So is mine, actually, if I can say so without seeming arrogant. And this is partly because it can do two things almost at once.
I’m reading the best book ever (well, my latest ‘best book ever’ I suppose): it’s called ‘The Master and His Emissary’ by Iain McGilchrist. Subtitle: ‘The Divided Brain and the Making of the Western World’ – so, an ambitious tome. But ambition is great if you can back it up – and boy, can McGilchrist back it up! This is a book which connects neuroscience with philosophy with physics with literature with music with emotional intelligence with evolution with… you get the picture.
For those of us who are right-handed, the basic brain stuff goes like this (lefties: you probably – but not definitely – need to reverse left and right in the paragraphs below).
The right hemisphere of your brain is open to the world: it attends to everything that’s going on. In a way it’s like a vast satellite dish, receiving signals all the time. And it picks things up whole, connected, in context with one another. (You can see this if you get wired up to a monitor which picks up the electrical and chemical activity in your brain.)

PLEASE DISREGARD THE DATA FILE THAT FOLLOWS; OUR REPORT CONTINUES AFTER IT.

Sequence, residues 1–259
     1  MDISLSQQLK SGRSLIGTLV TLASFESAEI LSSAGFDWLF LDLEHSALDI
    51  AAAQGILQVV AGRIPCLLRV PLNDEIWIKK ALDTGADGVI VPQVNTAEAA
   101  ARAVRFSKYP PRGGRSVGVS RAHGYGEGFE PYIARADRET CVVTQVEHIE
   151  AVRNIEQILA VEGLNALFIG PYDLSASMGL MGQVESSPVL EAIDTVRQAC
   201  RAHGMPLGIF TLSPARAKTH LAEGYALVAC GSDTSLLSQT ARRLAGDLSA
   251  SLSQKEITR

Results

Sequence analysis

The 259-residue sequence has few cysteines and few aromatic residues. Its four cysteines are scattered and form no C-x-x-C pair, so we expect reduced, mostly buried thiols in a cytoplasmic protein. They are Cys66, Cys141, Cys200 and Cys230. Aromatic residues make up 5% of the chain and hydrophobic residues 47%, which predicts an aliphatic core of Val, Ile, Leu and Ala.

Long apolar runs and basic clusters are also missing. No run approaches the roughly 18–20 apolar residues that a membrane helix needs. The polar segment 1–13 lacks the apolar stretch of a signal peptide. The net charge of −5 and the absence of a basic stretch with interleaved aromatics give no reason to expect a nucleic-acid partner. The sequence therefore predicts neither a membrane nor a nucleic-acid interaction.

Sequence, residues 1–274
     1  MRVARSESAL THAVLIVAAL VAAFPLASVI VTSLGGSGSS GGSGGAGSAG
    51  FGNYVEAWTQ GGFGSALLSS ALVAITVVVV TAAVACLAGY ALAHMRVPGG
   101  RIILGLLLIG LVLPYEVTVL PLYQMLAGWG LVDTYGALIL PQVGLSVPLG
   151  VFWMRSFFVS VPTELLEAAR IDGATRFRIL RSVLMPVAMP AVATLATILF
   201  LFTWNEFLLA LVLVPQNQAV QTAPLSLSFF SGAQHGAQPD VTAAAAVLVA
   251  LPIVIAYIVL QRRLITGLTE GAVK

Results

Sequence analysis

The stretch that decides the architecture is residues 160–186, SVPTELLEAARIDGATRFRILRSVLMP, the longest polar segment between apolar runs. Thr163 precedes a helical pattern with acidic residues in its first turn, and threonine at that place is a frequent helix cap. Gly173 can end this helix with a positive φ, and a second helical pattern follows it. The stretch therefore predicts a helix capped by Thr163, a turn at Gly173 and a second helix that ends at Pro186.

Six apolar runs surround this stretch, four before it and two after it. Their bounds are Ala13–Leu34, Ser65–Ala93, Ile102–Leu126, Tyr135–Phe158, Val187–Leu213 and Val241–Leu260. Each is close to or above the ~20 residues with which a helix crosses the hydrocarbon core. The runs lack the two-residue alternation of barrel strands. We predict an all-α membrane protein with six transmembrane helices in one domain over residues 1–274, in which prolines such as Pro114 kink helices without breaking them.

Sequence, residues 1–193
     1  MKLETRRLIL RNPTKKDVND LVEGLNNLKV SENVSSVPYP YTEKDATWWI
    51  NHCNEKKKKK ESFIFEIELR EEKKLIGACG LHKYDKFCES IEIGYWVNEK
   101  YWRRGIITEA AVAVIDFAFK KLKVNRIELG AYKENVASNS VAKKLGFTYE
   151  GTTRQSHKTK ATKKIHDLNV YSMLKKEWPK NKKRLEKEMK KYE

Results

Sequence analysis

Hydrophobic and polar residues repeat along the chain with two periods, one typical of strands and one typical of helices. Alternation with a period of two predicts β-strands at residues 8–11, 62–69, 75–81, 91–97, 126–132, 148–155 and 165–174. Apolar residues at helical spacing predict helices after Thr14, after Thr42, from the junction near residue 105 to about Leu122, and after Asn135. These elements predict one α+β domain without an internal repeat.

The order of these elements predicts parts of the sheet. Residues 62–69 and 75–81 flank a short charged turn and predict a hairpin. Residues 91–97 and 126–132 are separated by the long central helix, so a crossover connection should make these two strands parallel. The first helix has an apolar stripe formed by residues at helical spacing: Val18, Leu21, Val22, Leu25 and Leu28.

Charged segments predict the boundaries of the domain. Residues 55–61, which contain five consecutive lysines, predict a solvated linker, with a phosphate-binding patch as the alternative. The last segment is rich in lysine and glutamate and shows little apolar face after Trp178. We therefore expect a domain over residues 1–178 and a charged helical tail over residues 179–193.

What does it do with all that overwhelming data? It sends it to be ‘processed’ in the left brain: there it gets broken down and focussed and manipulated to make it useful to us. the left brain will narrow down on what it thinks we need to know, and package it up in a more or less logical way for us – in words for example (for most of us the left brain is most involved in language).
All that happens in a nanosecond; and then the packaged information is whizzed back to the right brain to feed in alongside all the new data it’s picking up. Stuff ‘reverberates’ from one side of our brain to the other all the time.
I find all this stuff mind-blowing – ironically. But one of the many great things about it is – it totally fits with Jung’s notion of paired, complementary mental functions (as picked up in MBTI and other Jungian Type instruments). Right brain – intuition (big picture, context, vision, connection). Left brain – sensing (data, focus, analysis). And it fits with Daniel Kahnemann’s ‘Thinking Fast and Slow’ (fast – right brain; slow – left brain).
The question is – how do we get ourselves to attend to both sides of the brain appropriately? If you’re a leader, this is especially important, of course – but we all need to do it.
You could start by reading the book…